by Kelsey Szukhent
This interview is with Paige Pope, a communications major at Purdue University, expecting to graduate in December 2016. We recently spoke with her and asked her about her experience within her program and what she's planning to do with her professional future.
What has your experience been like at Purdue's Brian Lamb School of Communication?
It has been amazing and more than I hoped for. The classes have been well-rounded and provided me with both the theoretical and practical background I need for a career in public relations. The community, from fellow students to professors to advisers, has made all of the difference. There is such a strong collective sense in the Brian Lamb School of Communication and everyone I have met does such interesting and unique things. This network has opened up so many opportunities for me and given me so many different perspectives on what it means to be a communications major.
Were there other schools you were considering?
I was considering smaller, private schools located in cities. While I liked their vibe, when I visited the Brian Lamb School of Communication I felt right at home and my potential felt limitless. I chose Purdue because I knew from day one I would have a staff looking out for me and providing me with personalized suggestions and opportunities for growth and professional development. I knew I wouldn’t be boxed in here because there is a huge alumni network doing so many different things and the Brian Lamb School puts a focus on innovation and forging your own path.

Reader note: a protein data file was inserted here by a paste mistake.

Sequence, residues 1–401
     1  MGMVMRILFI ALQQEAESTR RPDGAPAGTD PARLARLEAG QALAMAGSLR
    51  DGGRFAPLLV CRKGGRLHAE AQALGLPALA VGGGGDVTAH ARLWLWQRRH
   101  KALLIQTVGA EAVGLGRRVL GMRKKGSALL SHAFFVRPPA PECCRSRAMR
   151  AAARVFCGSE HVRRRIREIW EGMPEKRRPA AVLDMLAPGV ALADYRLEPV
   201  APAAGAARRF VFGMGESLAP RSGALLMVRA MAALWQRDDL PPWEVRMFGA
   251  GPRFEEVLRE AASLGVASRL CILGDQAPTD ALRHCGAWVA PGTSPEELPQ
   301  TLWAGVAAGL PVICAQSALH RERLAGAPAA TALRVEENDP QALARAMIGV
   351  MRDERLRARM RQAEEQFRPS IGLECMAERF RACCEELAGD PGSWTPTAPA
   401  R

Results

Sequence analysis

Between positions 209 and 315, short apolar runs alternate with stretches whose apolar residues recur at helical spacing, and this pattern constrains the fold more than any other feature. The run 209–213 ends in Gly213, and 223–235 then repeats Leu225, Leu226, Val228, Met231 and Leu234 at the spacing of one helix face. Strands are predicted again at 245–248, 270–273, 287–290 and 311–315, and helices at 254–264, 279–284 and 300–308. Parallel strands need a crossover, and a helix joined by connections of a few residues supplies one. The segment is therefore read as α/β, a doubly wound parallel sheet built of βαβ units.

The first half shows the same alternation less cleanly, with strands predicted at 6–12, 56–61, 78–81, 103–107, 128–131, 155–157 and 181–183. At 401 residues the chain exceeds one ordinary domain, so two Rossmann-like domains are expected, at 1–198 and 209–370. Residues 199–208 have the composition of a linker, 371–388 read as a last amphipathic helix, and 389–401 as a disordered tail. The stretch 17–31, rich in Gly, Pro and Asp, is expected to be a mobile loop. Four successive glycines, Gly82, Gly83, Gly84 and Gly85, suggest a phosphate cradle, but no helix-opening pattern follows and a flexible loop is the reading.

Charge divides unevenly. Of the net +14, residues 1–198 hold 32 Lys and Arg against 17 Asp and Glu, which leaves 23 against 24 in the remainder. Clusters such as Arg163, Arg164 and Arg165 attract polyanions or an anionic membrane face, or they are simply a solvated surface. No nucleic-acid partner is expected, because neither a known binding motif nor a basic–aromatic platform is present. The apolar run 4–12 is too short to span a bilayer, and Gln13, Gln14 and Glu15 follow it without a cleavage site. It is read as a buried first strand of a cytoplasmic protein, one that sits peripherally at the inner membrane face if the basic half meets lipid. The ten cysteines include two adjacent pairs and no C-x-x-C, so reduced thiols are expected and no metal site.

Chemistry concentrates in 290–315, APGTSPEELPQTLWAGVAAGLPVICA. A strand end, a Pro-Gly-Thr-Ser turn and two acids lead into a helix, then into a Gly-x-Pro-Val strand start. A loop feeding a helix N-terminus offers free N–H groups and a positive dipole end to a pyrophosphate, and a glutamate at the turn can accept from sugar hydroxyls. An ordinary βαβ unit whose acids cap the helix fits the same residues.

What influenced you to pursue a major/career in communication?
I hadn’t heard of “communication” as a major when I was in high school, but I understood myself. I love writing, creativity, people and big ideas. I knew I wanted to form relationships at my future job and I wanted to create things, without going into fine arts. I’m also someone with many interests who doesn’t want to be boxed in. When I visited Purdue, I took a chance and say in on one of the communication major info sessions and they handed us a sheet with all of the career options available to communication majors and nearly every single job listed on the sheet sparked my interests. When I realized that all of this was available through this one major, I knew I had found my fit.
What is your favorite class so far, and why?
If I am being honest, I have two. First was COM 353 with Professor Kim Osborne. This was a real-world class where we formed a mini PR agency and worked with our client, The Ethiopian Diaspora Fellowship, out in California. Working in this practical environment was so incredibly valuable, and I was very proud of the work my team produced. Additionally, I took a copyediting class that I adored mainly because I think it is such a valuable art that few people take the time to learn. Writing is becoming an increasingly valued but lesser available skill in potential job candidates, so having a strong hold on proper writing is huge in any major.